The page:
minhead.gif (11357 bytes)

July 8, 1998
REGULAR MEETING-BOARD OF COUNTY COMMISSIONERS
1:30 p.m. Harris Hall Main Floor


Commissioner Steve Cornacchia presided with Commissioners Ellie Dumdi, Bobby Green, Sr., Peter Sorenson and Cindy Weeldreyer present. County Administrator Bill Van Vactor, County Counsel Steve Vorhes and Recording Secretary Melissa Zimmer were also present.

11. COMMISSIONERS' ANNOUNCEMENTS

None.

12. PUBLIC HEARINGS

a. SECOND READING AND PUBLIC HEARING/Ordinance No. 3-98/In the Matter of Amending Chapter 14 of Lane Code to Revise Various Provisions of the Land Use Application and Appeal Procedures, Make Other Housekeeping Changes to Quasi-Judicial Land Use Hearing Rules, and Adopting an Emergency Clause.

Jim Mann, Planning Department, stated the changes that are proposed for Lane Code Chapter 14 would bring the land use application review process into compliance with the State laws in a more efficient and timely manner. He said the first category of change would affect the time lines that applications are reviewed, from 120 days to 150 days and the review and acceptance period would be 30 days. He added the other change that would take place would be that once an appeal is received, the director's decision, or an application is accepted, the process would take 35 days to get to a hearing. He said that another change would give the planning director the ability to take an application without a hearing and to elect to have that go directly to the hearings official for a hearing. He said a policy issue that needs to be looked at is whether the director can elect to have a hearing himself. He said if the director's decision at a hearing is to appeal, the appeal of the hearings official would be on the record. He said that at an evidentiary hearing with the director, information could be put into the record, and the hearing and decision would be done in a more timely manner.

Kent Howe, Planning Department, commented that he sees this proposal as three boxes, the application acceptance box, the processing of the decision box and appeal process. He said that Land Management is developing a standardized checklist so applicants know exactly what is to be expected, and a deadline chart (see handout) that fits in the process which will take 21 days. He said that weekly appeal dates are being scheduled with the hearings official which will gain time in the processing of appeals. He said there will be a more critical group review in accepting applications. He said these administrative changes will move toward improving performance and production in processing applications.

Cornacchia opened Public Hearing. No one had signed up to speak, so he closed the Public Hearing.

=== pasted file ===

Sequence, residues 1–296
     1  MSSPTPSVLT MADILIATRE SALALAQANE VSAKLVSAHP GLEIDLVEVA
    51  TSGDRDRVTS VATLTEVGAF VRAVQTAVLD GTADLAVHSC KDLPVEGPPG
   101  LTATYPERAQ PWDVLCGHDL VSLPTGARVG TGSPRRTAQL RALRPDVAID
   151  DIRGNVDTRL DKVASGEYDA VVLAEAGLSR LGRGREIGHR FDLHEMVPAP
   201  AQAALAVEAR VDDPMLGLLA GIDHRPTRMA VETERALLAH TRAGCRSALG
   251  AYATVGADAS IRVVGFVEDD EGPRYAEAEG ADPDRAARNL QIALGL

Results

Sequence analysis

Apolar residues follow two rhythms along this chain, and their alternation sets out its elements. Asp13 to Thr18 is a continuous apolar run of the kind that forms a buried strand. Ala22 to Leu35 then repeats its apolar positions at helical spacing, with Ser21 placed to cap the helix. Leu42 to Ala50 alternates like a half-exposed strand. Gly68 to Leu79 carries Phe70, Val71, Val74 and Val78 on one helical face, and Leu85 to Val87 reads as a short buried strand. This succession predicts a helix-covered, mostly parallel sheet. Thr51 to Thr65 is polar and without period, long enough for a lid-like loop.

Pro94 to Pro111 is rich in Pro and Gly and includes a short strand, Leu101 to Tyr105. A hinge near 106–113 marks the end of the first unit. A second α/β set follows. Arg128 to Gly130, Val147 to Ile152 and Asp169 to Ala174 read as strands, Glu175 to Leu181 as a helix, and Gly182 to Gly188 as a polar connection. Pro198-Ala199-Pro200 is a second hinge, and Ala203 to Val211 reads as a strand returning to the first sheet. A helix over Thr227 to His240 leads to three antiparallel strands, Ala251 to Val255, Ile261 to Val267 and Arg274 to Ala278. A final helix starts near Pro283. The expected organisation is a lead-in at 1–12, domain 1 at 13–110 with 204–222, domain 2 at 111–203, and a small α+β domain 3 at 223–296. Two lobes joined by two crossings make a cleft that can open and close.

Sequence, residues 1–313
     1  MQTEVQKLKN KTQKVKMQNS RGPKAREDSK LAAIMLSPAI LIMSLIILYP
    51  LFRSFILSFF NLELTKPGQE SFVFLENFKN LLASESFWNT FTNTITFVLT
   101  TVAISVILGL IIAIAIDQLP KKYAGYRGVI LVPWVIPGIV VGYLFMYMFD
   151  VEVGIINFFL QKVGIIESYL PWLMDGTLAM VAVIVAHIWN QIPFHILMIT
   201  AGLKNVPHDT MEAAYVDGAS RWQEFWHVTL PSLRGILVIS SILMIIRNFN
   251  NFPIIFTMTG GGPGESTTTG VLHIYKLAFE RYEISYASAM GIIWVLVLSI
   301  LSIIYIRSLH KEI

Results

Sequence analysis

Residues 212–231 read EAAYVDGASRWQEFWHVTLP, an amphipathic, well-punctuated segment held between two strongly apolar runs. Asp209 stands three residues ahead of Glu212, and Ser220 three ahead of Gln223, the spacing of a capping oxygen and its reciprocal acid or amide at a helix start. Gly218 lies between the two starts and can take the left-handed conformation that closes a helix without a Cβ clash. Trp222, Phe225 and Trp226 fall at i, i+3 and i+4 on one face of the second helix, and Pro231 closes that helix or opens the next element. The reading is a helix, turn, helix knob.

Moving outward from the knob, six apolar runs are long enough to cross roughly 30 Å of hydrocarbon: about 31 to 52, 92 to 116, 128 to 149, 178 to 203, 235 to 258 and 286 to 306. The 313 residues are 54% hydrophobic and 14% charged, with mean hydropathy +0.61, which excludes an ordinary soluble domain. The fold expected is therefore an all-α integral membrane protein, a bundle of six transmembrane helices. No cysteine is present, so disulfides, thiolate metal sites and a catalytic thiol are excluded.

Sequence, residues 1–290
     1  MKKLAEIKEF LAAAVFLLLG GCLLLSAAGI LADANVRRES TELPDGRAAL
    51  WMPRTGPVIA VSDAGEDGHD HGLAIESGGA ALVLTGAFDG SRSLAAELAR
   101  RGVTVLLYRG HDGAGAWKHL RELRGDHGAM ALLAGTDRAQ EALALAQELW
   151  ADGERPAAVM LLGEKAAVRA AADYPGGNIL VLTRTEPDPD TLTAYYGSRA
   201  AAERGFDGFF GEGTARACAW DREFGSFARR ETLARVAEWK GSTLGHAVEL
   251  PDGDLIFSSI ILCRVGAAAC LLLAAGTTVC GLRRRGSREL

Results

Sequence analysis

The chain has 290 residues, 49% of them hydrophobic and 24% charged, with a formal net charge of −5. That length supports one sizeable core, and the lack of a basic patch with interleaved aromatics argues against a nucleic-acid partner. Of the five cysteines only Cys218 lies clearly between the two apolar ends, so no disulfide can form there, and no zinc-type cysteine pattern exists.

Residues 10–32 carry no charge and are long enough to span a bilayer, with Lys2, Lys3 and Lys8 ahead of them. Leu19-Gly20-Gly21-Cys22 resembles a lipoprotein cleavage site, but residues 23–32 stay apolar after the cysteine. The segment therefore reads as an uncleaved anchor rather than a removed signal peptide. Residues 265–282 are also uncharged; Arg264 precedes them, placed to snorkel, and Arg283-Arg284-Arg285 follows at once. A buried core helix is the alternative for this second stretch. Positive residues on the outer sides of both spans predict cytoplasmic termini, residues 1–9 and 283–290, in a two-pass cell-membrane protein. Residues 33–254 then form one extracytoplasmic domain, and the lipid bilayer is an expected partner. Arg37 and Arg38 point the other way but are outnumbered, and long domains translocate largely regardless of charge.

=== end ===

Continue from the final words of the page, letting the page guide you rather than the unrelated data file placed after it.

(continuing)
MOTION: to accept ORDINANCE No. 3-98.

Weeldreyer MOVED, Green SECONDED.

ROLL CALL VOTE: 5-0.

b. THIRD READING AND PUBLIC HEARING/Ordinance PA 1116/In the Matter of Amending the Rural Comprehensive Plan to Redesignate Land From "Agriculture" to "Natural Resource: Mineral" and Rezoning That Land From "E-30/Exclusive Farm Use" to "SG/Sand, Gravel & Rock Products", and Adopting Savings and Severability Clauses (file PA 2191-97; Egge).

Howe explained that Goal 5 is complex. He said a work session was held with the Board of Commissioners on December 11, 1996 and after the Rule and Goal 5 was in place, the Rule expanded from three pages to 33 pages. He added that little has been done with the Rule, and that Washington County processed a quarry under the Rule. He said there were no court cases or legal guidance, as this was the first ordinance in the state for sand and gravel. He presented an overhead which showed a schematic and outline process in determining whether an aggregate resource site is significant and the reasonable and practical measures to be identified to minimize identifying conflicts. He added that rules on this conflict are very explicit, and where an aggregate site is significant and conflicts are minimized according to the conflicting use considerations of the rule, mining is allowed. He said where conflicts remain unminimized an ESEE (Environmental, Social, Economic, Energy) analysis that considers the rule is required. He said that it is a reduced version of the Goal 5 analysis. He added that local government must demonstrate that the amendment to the local comprehensive plan complies with the statewide goals and guidelines. He said that once mining is allowed and amending the comprehensive plan is made, the Goal 5 process shifts to deciding how to regulate new uses that may conflict with the decision to allow the mining at the aggregate resource site. He said this step requires an ESEE analysis to address potential conflicting uses offsite. He said the final step would be to develop a program to implement the local government's decision and at that time, the decision making process is complete except for adopting appropriate amendment language, amending the maps and the comprehensive plan and modifying the County's land use regulations as necessary to implement the County's decision.